Common Ice Skating Injuries: Prevention & Treatment

Ice skating injuries can be either acute or overuse injuries. Single skating tends to lead to overuse injuries while pairs suffer more acute injuries due to the nature of the different styles of skating – single skaters have no external support and have to use their full strength to maneuver the moves while pair skaters perform more dangerous stunts that can cause traumatic injuries. That said, repetitive stress from excessive training could cause any skater to suffer overuse injuries and a slip of technique in any kind of sports could result in traumatic injuries.

Types of Common Ice Skating Injuries

Figure skaters are usually not foreign to injuries. Overuse injuries such as pump bump, lace bite and tendonitis are commonly experienced when skaters are breaking in their new skates. These injuries are usually caused by the stiff leather of the new boots. However, it could also be caused by incorrect skating technique and body alignment, which can lead to more serious injuries like stress fractures, knee pain and back pain.

Acute injuries are usually caused by falls and accidents. Skaters could incur wrist fractures from instinctively stretching their arms out to break a fall. An ankle sprain could also happen when landing a jump on a wrong foot. These injuries, however, could be avoided.


To prevent overuse injuries, space out the training sessions to avoid overworking the body and stretch before getting on ice. When breaking in new skates, walk around in the skates on even ground or speed up the process with heat moulding. Ensure that proper techniques and postures are used every time.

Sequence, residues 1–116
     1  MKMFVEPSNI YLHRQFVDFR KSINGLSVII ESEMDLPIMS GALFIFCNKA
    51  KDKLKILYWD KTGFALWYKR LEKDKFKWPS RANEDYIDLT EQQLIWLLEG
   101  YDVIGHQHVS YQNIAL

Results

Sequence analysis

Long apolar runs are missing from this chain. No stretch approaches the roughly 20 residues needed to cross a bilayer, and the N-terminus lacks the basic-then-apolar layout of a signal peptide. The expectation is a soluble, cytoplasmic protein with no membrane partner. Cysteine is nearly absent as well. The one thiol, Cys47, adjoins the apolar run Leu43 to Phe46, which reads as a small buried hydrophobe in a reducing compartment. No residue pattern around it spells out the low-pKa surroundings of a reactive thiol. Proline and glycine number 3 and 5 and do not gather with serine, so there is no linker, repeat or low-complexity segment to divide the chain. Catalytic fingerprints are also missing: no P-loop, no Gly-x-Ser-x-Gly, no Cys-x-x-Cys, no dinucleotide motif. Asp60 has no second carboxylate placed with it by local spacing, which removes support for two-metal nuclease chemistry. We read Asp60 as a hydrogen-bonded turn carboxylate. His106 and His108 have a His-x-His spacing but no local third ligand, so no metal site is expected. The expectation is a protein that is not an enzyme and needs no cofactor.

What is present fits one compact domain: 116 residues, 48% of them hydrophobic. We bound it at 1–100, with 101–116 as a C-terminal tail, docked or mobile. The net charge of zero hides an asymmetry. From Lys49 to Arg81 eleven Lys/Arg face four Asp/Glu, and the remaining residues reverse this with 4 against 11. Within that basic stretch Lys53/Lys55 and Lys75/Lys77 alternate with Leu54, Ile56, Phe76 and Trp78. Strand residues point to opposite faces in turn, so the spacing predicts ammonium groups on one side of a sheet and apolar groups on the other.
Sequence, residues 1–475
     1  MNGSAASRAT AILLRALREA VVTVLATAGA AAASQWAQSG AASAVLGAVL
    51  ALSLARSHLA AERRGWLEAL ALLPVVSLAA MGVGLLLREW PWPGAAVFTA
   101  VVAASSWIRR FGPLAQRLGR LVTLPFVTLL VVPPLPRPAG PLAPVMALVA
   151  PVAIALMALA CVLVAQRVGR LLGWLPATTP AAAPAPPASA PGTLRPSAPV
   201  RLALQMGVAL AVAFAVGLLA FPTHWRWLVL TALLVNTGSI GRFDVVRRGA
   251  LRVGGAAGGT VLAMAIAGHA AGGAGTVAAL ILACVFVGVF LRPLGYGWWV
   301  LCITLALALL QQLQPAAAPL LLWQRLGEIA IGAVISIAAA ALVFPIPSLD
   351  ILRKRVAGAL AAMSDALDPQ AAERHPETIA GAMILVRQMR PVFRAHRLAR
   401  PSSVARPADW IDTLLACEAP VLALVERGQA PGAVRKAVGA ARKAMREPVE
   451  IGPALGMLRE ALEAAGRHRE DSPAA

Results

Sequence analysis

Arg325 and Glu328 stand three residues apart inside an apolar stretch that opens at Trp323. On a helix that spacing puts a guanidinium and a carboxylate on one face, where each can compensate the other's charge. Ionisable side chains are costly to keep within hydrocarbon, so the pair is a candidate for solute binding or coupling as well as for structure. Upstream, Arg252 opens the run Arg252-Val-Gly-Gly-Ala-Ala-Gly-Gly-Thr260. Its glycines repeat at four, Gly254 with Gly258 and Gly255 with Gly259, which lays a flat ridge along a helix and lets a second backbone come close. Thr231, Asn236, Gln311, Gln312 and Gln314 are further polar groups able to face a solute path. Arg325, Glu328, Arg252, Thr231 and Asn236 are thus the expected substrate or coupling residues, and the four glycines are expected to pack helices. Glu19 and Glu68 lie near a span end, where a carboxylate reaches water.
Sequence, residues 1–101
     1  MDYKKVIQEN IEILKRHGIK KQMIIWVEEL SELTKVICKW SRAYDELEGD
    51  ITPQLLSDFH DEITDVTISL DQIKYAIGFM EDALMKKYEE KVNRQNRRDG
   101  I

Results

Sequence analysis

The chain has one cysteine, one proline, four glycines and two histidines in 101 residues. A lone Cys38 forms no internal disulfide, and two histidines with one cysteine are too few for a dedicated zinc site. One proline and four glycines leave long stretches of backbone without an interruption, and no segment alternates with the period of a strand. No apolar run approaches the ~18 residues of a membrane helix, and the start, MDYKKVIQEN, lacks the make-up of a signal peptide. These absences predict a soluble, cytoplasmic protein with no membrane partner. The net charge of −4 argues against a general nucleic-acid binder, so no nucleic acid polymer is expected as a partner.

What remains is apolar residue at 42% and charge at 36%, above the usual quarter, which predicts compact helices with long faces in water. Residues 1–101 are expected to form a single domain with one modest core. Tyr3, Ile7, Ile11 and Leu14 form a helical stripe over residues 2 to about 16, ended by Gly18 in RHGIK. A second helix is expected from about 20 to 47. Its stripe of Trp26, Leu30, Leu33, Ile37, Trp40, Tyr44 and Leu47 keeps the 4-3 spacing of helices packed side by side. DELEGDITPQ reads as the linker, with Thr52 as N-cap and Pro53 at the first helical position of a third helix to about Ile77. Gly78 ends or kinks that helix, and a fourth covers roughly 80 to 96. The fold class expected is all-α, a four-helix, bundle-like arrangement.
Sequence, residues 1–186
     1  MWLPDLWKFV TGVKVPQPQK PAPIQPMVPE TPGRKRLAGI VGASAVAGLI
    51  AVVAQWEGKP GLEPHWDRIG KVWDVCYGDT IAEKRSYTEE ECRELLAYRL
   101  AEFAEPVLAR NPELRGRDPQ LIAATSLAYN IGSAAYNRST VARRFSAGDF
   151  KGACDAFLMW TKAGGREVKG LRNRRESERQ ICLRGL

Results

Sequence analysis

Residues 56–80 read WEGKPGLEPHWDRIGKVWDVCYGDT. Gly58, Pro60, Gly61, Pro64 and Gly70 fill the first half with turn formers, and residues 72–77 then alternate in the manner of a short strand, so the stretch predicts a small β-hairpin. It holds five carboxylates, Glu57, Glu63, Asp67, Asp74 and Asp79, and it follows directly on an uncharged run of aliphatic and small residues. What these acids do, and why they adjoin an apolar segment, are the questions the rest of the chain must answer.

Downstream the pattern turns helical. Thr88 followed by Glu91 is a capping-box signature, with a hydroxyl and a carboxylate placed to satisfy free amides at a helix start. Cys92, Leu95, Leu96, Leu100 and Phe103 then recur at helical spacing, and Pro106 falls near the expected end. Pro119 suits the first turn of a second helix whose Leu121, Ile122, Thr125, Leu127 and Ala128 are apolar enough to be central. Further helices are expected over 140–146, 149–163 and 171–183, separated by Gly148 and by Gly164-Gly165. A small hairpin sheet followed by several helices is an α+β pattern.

Wrist injuries can be easily prevented by simply letting yourself fall without using your arms to absorb the impact. You should skate slowly so that should you fall, the impact would not be as damaging to your body. To protect yourself from ankle sprains and other leg injuries, make sure that your skates give enough support to your ankles, and allow just a slight lift in the air when jumping so that the landing would not be as hard.


Usually, the R.I.C.E (Rest, Ice, Compression, Elevation) method is sufficient to treat mild to moderate skating injuries. There are also plasma and steroid injections available to treat chronic injuries. If any bones are broken (fractured), seek medical advice as soon as possible. Your doctor may order an X-ray to examine the severity of the fracture and decide if surgery is necessary. Regardless of severity, it is recommended to only resume skating after full recovery lest causing further injury.

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